The reason: While the Islamist regime funds terrorism throughout the Middle East, it oppresses its own people and exploits the people.
The mullahs’ security forces and militias respond to the protests with brute force – and shut down the Internet to cover up the violence.
In dozens of cities, demonstrators have been attacking government buildings, state-owned banks, state-owned firms, and the regime’s so-called seminaries, where they activate their reactionary ideology, since Friday night.
As in the previous waves of protest, women played an important role again.
The trigger of the renewed protests was a drastic increase in gasoline prices. But the reasons for the protests are deeper: Decades of mismanagement by the corrupt Revolutionary Guards (IRGC) and the young people’s longing for a life of freedom, dignity, and prosperity have led to hundreds of minor and major protests and strikes across the country since December 2017.
For the mullahs, the protests come at a critical time: In Lebanon and Iraq, hundreds of thousands are campaigning against the regime, too – Tehran controls both countries through powerful militias. While Iran is already confronted with uprisings in both countries, Iranians themselves are now taking to the streets against the regime.
The exact extent of the casualties is therefore still unclear. Amnesty International cited at least 106 fatalities, citing media reports, testimonies, and activists. The United Nations High Commissioner for Human Rights has been alarmed by reports that dozens of people have been killed in the use of live ammunition. Activists report far more than 200 dead.
The Revolutionary Guards – the paramilitary arm of the mullahs’ regime – reportedly refused to hand over the body of the killed demonstrators to relatives, presumably out of fear that the funeral celebrations would spark further protests.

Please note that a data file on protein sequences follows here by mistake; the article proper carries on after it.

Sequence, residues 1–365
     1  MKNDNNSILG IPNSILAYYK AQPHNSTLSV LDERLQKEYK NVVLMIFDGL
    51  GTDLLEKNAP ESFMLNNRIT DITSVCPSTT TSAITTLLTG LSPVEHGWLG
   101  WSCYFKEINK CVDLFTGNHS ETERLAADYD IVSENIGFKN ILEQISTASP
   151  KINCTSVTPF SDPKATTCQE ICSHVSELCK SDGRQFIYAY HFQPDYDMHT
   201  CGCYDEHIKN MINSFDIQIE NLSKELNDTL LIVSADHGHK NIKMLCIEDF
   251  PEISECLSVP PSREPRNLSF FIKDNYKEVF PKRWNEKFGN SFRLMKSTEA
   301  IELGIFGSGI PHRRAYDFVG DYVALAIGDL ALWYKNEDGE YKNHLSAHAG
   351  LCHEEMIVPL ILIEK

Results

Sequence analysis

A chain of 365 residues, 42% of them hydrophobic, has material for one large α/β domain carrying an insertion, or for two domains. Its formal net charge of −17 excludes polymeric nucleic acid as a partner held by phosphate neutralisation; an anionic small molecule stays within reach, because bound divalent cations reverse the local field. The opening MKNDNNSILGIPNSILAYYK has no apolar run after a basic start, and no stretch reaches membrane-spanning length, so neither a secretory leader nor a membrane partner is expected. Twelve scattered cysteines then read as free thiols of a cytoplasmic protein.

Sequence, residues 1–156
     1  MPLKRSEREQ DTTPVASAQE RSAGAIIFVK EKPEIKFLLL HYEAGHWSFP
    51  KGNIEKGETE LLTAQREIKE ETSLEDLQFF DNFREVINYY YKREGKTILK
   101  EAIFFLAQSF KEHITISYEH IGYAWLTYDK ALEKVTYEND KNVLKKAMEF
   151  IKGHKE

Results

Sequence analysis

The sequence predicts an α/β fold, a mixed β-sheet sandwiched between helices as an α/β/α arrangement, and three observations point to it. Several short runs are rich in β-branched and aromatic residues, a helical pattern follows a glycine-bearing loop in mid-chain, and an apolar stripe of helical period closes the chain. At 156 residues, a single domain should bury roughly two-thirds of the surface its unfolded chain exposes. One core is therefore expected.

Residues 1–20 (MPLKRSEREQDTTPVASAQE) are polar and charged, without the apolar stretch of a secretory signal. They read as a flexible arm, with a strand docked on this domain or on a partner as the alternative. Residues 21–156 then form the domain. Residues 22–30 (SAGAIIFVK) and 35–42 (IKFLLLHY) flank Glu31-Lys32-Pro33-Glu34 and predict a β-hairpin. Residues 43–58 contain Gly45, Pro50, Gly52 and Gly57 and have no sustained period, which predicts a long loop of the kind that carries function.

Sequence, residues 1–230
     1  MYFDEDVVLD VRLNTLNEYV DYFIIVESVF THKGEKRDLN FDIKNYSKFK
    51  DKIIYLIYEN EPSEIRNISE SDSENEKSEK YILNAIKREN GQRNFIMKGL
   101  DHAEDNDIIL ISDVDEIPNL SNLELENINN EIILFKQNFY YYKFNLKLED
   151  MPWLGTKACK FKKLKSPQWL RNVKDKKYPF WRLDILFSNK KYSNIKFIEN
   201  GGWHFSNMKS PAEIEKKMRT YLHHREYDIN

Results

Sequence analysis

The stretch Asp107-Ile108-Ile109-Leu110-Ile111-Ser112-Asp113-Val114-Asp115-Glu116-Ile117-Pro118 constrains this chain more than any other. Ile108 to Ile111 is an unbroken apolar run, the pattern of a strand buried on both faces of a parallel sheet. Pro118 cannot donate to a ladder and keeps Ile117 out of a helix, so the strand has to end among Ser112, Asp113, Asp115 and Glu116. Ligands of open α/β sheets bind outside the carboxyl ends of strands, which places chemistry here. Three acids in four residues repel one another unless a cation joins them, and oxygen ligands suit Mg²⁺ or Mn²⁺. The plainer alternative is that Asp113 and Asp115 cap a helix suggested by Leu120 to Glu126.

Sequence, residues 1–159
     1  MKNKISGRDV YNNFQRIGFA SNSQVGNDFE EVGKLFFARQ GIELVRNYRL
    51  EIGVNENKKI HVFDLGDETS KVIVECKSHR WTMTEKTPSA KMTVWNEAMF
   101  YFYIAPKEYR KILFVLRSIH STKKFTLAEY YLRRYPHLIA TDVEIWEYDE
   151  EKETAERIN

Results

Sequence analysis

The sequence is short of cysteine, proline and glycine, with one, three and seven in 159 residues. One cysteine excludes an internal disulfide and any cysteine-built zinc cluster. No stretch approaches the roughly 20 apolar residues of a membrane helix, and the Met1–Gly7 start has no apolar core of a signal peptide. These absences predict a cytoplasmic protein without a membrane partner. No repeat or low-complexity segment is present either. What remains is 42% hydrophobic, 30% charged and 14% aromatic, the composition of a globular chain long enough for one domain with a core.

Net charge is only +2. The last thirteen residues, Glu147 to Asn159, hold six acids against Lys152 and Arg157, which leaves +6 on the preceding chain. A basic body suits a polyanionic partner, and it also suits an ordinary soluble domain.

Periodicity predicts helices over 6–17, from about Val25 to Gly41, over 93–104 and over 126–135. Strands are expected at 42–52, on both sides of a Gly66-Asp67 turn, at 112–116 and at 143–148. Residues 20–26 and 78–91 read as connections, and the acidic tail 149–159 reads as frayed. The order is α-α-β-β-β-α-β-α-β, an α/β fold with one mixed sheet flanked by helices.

From the Iranian people’s perspective:
On Friday, 22 November 2019, Ms. Dowlat Nowrouzi, the Representative in the UK for the National Council of Resistance of Iran (NCRI) took part in a live online press conference about the nationwide eight-day uprising in Iran and answered questions posed by journalists.
She said that the protests started last Friday with a stunning speed across the country. The regime engaged in bloody suppression, shut down the internet on 17 November to have the free hands for the suppression of the protests.
Shahin Gobadi: If noticed, both rifts within #Iran‘s dictatorship supported the brutal crackdown on #IranProtests.So any illusions of any differences between “hardliners”&”Reformists” is now over.#FreeIran #IranRegimeChange @gobadi pic.twitter.com/cUBKgcRx6S
— NCRI-FAC (@iran_policy) November 22, 2019
She pointed out that despite the regime’s efforts, clashes are continuing in different parts of the country. The regime is extremely terrified of the re-ignition of the uprising. One obvious reason for this is that after eight days, the regime is still fearful; of restoring the internet.
She said that based on information provided by the Mujahedin-e-Khalq (PMOI/MEK),
- Protests occurred in 165 cities.
- At least 251 have been killed. The MEK has identified 85 victims. Most were shot in the head and the chest by snipers. Some as young as 13 are among them.
- 3,700 have been wounded.
- 7,000 have been arrested. Fars News agency reported on the first day of the protests that 1,000 had been arrested.
Ms. Nowrouzi noted that from the very first beginning, the regime used all its suppressive forces, including the IRGC, the paramilitary Bassij, the Intelligence Ministry and plainclothes agents.
— IranNewsUpdate (@IranNewsUpdate1) November 22, 2019
She said that regime officials repeatedly acknowledged the role of MEK’s Resistance Units in the uprising, noting that with the uprising, a page has turned in Iran and that the regime has entered its final phase. This is the beginning of the end for the regime.
Ms. Nowrouzi added that the uprising laid bare the murderous and barbaric nature of the regime, and the Iranian people realized that there is no difference between the regime factions. Hassan Rouhani put aside his moderate posturing and called for a total crackdown.